The kinship between Ferenczi and Lacan can be compared with the phases of an eclipse. Throughout the first period of his teaching, Lacan presents Ferenczi as the most relevant analyst among the first pioneers. It is clear that he hopes to develop Ferenczi’s subversive reflections about clinical practice. Surprisingly, in the second period references to Ferenczi seem to disappear, even when he takes on the question of trauma in light of what he calls the register of the Real; he does not cite Ferenczi at all. In a third period, after Lacan’s death, certain Lacanians are very critical about Ferenczi, often excessively. Today, analysts open to Lacan’s teaching are discovering Ferenczi and the richness of his work, in which Lacan found numerous springheads for his own work.
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“It is a fact that I am fairly generally regarded as a restless spirit, or, as someone recently said to me at Oxford, the enfant terrible of psychoanalysis” (Ferenczi, 1931 , p. 127).
This relative marginalization has taken place, through different forms and for a long time, in all French psychoanalytic associations whose membership includes both ardent supporters and resolute detractors. Given the potential danger of—unpardonable—psychoanalytic scandal, is Ferenczi fated to be an obstacle to the reconciliation of analysts?
And a Freud, of course.
“Passionnel” in French.
Can we understand the meaning of authenticity as freedom and sincerity?
This conflict of the Hundred Years’ War took place prior to the excellent editorial work Judith Dupont at Le Coq-Héron, who continued Michael Balint’s work on behalf of Sandor Ferenczi, brought out the Clinical Diary as well as facilitated the publishing of the Freud-Ferenczi correspondence (Dupont, 2013).
Lacan, the founder of “short sessions” probably didn’t have clear knowledge of Ferenczi’s risky attempts at mutual analysis and of the “long sessions” involved in those experiments.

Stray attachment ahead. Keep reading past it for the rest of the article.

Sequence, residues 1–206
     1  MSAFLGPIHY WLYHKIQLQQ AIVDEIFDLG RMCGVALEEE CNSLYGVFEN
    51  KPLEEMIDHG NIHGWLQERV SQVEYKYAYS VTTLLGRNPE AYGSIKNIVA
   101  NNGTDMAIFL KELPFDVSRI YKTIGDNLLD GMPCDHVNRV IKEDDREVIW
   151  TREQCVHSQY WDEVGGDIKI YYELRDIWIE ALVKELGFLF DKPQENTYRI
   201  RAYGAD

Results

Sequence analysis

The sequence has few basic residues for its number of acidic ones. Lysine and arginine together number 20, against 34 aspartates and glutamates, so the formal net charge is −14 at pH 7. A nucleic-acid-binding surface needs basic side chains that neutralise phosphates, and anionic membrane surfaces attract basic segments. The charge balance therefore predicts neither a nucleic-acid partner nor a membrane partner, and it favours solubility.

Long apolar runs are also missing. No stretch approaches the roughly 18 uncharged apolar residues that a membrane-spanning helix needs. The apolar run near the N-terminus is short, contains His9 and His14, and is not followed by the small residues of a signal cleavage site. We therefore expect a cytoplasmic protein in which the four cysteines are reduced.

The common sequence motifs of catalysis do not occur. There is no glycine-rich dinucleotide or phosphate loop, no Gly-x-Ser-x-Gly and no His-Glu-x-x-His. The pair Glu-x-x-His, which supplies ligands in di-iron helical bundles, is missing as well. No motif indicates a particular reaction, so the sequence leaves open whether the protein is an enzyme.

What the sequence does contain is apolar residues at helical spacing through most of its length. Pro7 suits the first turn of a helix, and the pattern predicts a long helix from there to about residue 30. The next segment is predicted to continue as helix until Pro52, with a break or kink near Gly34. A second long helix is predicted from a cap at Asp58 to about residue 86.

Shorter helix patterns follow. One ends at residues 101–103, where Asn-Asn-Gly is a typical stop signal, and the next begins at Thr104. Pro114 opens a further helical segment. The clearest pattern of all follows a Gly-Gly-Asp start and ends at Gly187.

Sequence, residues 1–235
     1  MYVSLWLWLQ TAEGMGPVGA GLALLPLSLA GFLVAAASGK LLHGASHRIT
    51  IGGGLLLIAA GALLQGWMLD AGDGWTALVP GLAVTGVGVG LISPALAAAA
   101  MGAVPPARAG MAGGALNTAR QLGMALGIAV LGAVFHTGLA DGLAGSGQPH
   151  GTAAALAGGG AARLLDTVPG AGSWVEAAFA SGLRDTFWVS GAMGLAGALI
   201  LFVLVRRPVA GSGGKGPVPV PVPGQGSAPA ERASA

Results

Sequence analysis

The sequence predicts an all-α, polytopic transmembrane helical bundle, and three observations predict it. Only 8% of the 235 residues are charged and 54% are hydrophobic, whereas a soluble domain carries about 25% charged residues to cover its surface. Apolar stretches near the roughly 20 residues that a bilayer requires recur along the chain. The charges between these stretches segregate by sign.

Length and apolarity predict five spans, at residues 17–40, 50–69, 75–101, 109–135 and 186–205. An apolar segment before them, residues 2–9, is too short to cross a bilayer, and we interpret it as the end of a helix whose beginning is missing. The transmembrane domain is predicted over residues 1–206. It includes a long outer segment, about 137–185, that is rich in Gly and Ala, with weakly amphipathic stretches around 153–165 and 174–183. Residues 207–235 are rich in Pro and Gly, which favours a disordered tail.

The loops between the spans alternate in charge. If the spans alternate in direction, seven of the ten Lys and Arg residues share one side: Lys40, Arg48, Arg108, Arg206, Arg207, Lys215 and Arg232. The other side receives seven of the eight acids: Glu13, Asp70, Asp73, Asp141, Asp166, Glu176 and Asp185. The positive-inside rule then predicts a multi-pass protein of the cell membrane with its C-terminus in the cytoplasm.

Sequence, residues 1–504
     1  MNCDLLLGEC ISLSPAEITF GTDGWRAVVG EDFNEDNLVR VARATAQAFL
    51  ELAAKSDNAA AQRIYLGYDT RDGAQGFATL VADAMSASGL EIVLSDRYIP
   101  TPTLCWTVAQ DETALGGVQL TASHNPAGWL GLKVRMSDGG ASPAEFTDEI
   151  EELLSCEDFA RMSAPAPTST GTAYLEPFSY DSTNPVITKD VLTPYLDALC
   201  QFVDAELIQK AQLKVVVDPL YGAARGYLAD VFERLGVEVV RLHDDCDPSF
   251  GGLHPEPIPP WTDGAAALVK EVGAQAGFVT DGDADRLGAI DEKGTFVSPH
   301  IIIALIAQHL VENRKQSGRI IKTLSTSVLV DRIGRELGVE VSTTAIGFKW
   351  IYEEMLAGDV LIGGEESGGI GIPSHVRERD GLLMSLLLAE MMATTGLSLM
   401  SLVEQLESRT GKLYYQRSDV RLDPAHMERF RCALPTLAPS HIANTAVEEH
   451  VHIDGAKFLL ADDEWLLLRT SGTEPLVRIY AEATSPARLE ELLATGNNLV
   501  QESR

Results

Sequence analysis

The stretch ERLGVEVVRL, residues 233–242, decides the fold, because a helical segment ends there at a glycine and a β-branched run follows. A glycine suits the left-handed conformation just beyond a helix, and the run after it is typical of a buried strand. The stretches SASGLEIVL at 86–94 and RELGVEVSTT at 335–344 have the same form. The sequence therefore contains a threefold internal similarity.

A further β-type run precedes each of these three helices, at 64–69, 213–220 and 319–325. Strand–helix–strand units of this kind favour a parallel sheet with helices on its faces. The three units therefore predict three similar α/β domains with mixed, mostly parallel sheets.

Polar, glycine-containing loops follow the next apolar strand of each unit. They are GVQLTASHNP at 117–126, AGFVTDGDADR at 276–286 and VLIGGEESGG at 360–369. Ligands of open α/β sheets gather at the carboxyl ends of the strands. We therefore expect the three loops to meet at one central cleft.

In 1961, the sixth issue of the SFP’s journal, Psychanalyse, contains works by representatives of the Society’s different psychoanalytic tendencies. One can find here a “Ferenczian” landmark: a French translation of the English version of “Confusion of Tongues”.
“Alone”, according to him.
Its name, given by Lacan.
It’s worth noting that the first volume of the Complete Works had not yet been published at this point. Lacan could not have been unaware of the existence of The Clinical Diary, translated into English in 1969, but he seems not to have consulted it; the French translation would not be published until 1985, four years after his death.
The journal of the Ecole de la Cause Freudienne.
“Acte manqué” in French.
Let us reiterate: although overtly present from 1953 to 1955, he is thenceforth, we might say, surprisingly left by Lacan in the shadows, only to return to the limelight at the end of Lacan’s last advances.
The proceedings from this event have been published in Ferenczi après Lacan (Gorog et al., 2009).
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A version of this paper was presented at “Sincerity and Freedom in Psychoanalysis” conference at the Freud Museum, October 2013.
1Yves Lugrin Ph.D., is an Associate Member of the Société Freudienne de Psychanalyse (SPF), Paris, France.
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Lugrin, Y. LACAN AND FERENCZI: PARADOXICAL KINSHIP?. Am J Psychoanal 75, 86–93 (2015). https://doi.org/10.1057/ajp.2014.59
- Lacan and Ferenczi
- turbulent years in French psychoanalysis
- Lacan’s “pass”
- “real” and “jouissance”